Fleet News

Thinking CAP

Martin Ward, CAP’s manufacturer relationships manager, scours the globe for the week’s insider fleet intelligence.


    Over to Belfast to drive the new upper-medium sector car from Chrysler – the Sebring ( see our review in Roadtests).

    It seems that our friends from North America will accept any quality if it is home-made, but if it is from Europe, Japan or Korea, then they expect much more.

    The Sebring interior is not brilliant – the materials and fit and finish are not “European”. We recently drove the Sebring’s brother, the Dodge Avenger, which looks more dynamic than the Chrysler, and appears on paper to be better value. But as a spokesman pointed out, it is aimed at a different type of customer.

    The upper-medium market is already overcrowded and another contender won’t help the situation. With more to come, things are going to get really difficult, even for the well-established players.

    The Sebring is full of goodies, but a Volkswagen diesel-powered 2.0-litre costs around £19,000, so isn’t cheap.

    CAP Monitor predicts a future value of £5,100, or 27% of cost new in three years/60,000 miles.

    On the question of what happens when the divorce comes between Mercedes-Benz and the Chrysler Group, Steve Gray, marketing director of Chrysler Group in the UK, told us it is business as usual and did not expect any changes, or a move of office. Mercedes-Benz and Chrysler would continue to work together and R&D sharing will not change. It will be interesting to see if he is right.


    Mitsubishi sent up a iCar – a mid-engined, rear-wheel drive city car which will challenge the smart fortwo.

    The iCar is fully-loaded: four-speed automatic gearbox, alloy wheels, electric windows, remote locking, air-conditioning – the list is endless. There is only one model and only one price – £9,084.

    This car is targeted at large conurbations so if any leasing companies put any on the fleet, the best place to sell them will be at large city auction sites and well away from the countryside.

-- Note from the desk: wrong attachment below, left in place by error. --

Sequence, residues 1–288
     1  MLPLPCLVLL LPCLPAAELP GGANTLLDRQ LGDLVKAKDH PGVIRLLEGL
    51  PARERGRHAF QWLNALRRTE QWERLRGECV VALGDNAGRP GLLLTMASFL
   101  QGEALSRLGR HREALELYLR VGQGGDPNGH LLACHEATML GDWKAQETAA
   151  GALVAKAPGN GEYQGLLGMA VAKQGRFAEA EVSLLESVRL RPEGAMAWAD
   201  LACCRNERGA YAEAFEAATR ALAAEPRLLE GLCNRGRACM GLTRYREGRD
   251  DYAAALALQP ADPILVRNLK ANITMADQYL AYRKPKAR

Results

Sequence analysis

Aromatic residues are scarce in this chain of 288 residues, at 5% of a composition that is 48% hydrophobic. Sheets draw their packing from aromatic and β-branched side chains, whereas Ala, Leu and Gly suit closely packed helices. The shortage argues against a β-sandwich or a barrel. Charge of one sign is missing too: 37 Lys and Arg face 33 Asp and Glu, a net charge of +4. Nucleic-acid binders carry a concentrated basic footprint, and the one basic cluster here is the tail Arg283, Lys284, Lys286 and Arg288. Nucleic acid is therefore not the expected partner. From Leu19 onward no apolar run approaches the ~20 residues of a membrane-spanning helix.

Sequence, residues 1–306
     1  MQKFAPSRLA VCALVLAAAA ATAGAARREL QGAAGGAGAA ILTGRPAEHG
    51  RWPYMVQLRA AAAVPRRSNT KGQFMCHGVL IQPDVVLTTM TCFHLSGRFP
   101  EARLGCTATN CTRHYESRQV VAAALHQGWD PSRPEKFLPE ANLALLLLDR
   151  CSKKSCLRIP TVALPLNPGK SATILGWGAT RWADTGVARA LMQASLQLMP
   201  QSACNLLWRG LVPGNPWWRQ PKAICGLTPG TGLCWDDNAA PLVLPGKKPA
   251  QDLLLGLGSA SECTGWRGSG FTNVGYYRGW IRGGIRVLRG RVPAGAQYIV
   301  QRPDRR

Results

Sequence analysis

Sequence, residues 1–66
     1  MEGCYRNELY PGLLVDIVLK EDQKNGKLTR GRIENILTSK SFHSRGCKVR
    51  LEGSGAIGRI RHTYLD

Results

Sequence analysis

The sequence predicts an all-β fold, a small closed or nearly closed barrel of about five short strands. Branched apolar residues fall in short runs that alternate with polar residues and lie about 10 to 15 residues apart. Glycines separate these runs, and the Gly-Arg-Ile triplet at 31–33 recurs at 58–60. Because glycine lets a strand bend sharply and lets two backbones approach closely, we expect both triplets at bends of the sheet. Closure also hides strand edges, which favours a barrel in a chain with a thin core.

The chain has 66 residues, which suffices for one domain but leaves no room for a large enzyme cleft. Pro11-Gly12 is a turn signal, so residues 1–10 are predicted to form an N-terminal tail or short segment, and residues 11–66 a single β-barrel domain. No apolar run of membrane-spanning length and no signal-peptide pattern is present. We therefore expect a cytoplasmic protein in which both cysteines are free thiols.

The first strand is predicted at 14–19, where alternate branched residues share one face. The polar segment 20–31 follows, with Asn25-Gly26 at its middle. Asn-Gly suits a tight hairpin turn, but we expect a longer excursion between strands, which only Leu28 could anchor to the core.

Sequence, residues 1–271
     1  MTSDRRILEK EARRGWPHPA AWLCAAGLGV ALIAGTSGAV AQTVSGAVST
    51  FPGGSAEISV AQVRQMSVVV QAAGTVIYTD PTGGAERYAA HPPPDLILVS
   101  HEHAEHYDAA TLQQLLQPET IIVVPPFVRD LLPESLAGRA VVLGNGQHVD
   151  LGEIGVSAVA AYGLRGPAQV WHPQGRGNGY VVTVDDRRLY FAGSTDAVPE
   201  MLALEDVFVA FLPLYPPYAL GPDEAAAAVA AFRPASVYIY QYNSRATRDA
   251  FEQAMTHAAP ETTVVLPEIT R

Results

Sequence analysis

I really enjoyed driving it but I have to take into account the neighbour and supermarket car park syndrome – no favourable comments from anyone.

    But with only around 300 units to sell this year, Mitsubishi shouldn’t be too worried about the man-in-the-street research in Yorkshire.

    The £35 road-fund-licence did, however, appeal to my neighbours.


    Seems to be Mitsubishi week –first the i-car and then over to its design centre near Frankfurt to have a look at its future lower-medium car, the Lancer.

    The all-new Lancer will be launched at the end of this year as a saloon, then a hatch will follow in summer 2008.

    The extra-hot Evolution X will appear in the spring next year and there will be a good choice of petrol and diesel engines. The styling is good, the interior has a prestige feel and Mitsubishi is talking about Mazda3 money.

    It says the main competitors will be Saab 9-3, Alfa Romeo 159, Volvo S40 and Subaru Impreza, but it is more likely to entice some drivers out of the more mainstream cars such as Focus, Golf and 307.

    This is Mitsubishi’s first real contender in the fleet market in this sector for some years, if you can include the not-so-popular Carisma – an ironic name for a car with little in the way of charisma.

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